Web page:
If we adults are going to make the world a better place, even in the smallest ways, I think we need to walk our talk. The kids are watching, believe me. They keep me on my toes—and, hey, they should. They have to live in this world long after I am gone.

Here are some of the issues we discuss at my house:

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Pie, Oh My!

Posted by on in Eat

four-berry-pieAnytime is an excellent time to ponder pie, in my book, but the topic always attracts more attention when Thanksgiving comes around. When I was in my local bakery this past weekend, I saw a big sign reminding us to place our pie orders early. “Let us do your baking for you!” it called. “If you are hosting, we will save you time,” the sign continued persuasively, “and if you are a guest at somebody else’s table, a pie is the perfect contribution.” No arguments there!

Pie truly is the perfect feast-topper. If you make it past the mountain of white-meat turkey and savory drumsticks, the steaming, gravy-laden mashed potatoes, and various other side dishes (yams with marshmallow, anyone?), you may think you are not up to gobbling down anything more. Instead, you will say, “Oh no...! I’m sorry, I am really too full for dessert. This meal was great, thank you anyway! What’s that? Pie, you say? Oh. Well! Maybe a thin slice...” Even after a huge and satisfying meal, a slice of pie not only seems somehow possible, it seems like the only possible choice.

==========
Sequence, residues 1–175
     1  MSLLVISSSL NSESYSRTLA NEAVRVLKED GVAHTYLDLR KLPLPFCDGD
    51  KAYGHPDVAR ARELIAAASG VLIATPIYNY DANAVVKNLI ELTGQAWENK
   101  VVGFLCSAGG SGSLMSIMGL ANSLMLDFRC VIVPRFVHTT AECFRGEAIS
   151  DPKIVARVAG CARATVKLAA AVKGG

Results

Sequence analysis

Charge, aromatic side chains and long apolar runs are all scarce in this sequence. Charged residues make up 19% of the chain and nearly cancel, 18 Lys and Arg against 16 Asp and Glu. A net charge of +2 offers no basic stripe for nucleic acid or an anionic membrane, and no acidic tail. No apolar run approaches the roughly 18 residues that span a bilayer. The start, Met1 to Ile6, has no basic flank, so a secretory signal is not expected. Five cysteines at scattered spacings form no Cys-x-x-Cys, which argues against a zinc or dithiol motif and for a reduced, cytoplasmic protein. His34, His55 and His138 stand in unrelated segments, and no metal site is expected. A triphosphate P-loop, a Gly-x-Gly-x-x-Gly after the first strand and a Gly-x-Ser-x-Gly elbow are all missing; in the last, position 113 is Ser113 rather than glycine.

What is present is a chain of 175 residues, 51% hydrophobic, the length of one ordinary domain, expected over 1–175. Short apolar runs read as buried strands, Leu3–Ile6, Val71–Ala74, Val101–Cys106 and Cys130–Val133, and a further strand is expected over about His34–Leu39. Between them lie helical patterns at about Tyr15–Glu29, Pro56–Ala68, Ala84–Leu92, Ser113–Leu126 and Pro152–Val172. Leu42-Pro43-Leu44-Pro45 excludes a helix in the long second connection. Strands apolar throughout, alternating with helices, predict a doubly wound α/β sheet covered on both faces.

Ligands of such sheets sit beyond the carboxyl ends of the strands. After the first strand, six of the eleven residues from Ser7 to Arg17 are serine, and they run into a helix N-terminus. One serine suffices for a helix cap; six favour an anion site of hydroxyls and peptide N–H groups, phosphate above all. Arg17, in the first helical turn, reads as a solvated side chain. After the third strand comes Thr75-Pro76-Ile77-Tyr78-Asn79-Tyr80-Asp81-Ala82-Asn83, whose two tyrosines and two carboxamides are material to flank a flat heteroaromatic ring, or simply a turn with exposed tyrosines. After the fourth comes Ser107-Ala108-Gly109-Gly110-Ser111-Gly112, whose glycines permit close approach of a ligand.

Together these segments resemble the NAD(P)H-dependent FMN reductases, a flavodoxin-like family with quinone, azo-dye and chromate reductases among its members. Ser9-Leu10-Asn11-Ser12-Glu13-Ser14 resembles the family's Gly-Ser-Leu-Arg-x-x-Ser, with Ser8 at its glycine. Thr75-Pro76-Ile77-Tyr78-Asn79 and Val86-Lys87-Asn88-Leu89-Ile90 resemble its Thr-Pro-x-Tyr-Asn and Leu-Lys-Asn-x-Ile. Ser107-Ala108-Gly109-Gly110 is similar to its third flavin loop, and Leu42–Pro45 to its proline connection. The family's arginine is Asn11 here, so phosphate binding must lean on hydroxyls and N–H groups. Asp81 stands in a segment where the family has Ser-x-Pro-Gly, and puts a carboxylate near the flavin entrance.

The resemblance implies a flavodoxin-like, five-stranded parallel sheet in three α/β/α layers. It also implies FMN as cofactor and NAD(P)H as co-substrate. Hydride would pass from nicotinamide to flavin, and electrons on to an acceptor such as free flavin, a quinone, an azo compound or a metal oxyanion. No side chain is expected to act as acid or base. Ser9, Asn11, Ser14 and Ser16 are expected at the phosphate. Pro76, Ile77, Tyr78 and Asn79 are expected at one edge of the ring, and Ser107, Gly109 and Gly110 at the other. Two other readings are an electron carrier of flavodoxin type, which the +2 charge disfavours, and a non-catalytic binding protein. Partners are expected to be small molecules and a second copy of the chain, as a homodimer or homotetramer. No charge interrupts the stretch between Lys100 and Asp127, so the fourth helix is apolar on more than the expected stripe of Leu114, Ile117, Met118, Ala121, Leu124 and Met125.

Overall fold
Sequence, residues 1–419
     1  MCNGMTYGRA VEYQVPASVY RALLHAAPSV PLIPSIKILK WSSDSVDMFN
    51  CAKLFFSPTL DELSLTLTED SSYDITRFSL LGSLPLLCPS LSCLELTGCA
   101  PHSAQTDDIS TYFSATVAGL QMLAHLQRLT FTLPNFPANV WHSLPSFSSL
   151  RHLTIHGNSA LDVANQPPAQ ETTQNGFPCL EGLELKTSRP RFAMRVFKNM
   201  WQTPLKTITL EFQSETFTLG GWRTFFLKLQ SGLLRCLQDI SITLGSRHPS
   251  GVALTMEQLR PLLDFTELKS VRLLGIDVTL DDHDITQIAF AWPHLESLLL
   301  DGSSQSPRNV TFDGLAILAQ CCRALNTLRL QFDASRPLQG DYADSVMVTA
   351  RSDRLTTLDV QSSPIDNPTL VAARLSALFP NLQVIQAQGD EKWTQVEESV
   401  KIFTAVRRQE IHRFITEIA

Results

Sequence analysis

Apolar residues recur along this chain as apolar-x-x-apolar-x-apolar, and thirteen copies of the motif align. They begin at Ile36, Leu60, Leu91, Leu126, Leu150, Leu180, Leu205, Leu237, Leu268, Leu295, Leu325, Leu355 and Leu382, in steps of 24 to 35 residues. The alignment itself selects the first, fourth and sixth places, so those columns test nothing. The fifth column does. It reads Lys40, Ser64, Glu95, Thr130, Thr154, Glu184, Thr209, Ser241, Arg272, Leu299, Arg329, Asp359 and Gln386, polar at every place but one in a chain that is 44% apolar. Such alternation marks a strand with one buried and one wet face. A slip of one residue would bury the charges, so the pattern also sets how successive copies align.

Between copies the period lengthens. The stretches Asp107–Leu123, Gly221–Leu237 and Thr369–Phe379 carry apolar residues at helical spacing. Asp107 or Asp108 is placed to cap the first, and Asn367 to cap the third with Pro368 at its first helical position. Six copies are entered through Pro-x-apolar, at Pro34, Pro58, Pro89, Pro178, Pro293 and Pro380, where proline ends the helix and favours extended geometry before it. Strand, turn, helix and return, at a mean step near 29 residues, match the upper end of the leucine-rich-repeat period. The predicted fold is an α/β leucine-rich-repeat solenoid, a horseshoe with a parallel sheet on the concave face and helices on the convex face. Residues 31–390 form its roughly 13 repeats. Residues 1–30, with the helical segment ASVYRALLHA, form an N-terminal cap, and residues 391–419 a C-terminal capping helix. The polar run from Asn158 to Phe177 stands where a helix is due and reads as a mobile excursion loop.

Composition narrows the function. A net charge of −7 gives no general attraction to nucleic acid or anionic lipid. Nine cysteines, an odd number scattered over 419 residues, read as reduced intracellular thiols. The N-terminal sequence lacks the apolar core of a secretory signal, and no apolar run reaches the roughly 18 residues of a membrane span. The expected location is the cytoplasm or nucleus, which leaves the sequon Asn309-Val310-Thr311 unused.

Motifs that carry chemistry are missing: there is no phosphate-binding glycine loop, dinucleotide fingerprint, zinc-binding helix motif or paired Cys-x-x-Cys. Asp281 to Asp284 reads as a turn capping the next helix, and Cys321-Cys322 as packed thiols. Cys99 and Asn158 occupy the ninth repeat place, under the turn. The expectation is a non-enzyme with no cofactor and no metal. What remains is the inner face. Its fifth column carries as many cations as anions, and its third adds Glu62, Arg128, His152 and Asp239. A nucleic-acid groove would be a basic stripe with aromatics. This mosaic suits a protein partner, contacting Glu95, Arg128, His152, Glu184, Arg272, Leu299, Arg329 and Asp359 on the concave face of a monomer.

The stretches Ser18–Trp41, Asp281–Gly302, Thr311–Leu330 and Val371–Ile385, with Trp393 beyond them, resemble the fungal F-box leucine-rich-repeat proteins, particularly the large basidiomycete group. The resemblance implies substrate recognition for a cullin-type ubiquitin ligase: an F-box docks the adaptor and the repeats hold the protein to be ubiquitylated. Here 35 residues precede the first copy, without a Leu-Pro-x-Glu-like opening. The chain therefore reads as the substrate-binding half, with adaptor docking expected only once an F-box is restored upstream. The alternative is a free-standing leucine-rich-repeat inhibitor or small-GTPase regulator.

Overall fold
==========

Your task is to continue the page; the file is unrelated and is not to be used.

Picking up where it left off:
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On Bumperstickers

Posted by on in Ramblings

teribumperLet us now praise, or at least consider, bumperstickers. They give everyone something to read and ponder in traffic, they help you find your car quickly in a crowded parking lot, and they give your vehicle a bit of personality. I’ve been pasting them on my various cars for years, and I have a few thoughts and observations to share about mine ... and yours.

Bumperstickers serve different purposes, I’ve noticed. My favorites are the amusing or clever ones, the ones that take a moment to ‘get’. For instance: “VISIT WISCONSIN: COME SMELL OUR DAIRY AIR” “ISIS, ISIS...RA, RA, RA!” “GREAT BASS, LESH PHILLING” (oh, and let’s not forget the related one, now a collector’s item just like the VW vans it always adorned, I am sure: “WHO ARE THE GRATEFUL DEAD AND WHY ARE THEY FOLLOWING ME AROUND FROM TOWN TO TOWN?”). Everyone can use an “aha” giggle now and then, as we go on our way.

Worthy causes are ever-popular. “KEEP TAHOE BLUE,” I assume, means, please stop polluting or draining away the water of this beautiful mountain lake. “STUMPS DON’T LIE” was on the bumpers of a lot of anti-logging proponents’ cars out in Oregon where I used to live. I have “WE SUPPORT CPA, A GOOD DEAL FOR GLOUCESTER,” which was in support of a ballot initiative to approve the Community Preservation Act for the funding it would supply (for needed civic and other restoration projects around here). During the campaign, this sticker appeared on a lot of local cars, calling attention to and buoying the campaign. After it passed, I left the sticker on, proud of my town.

Which brings me to more controversial bumperstickers.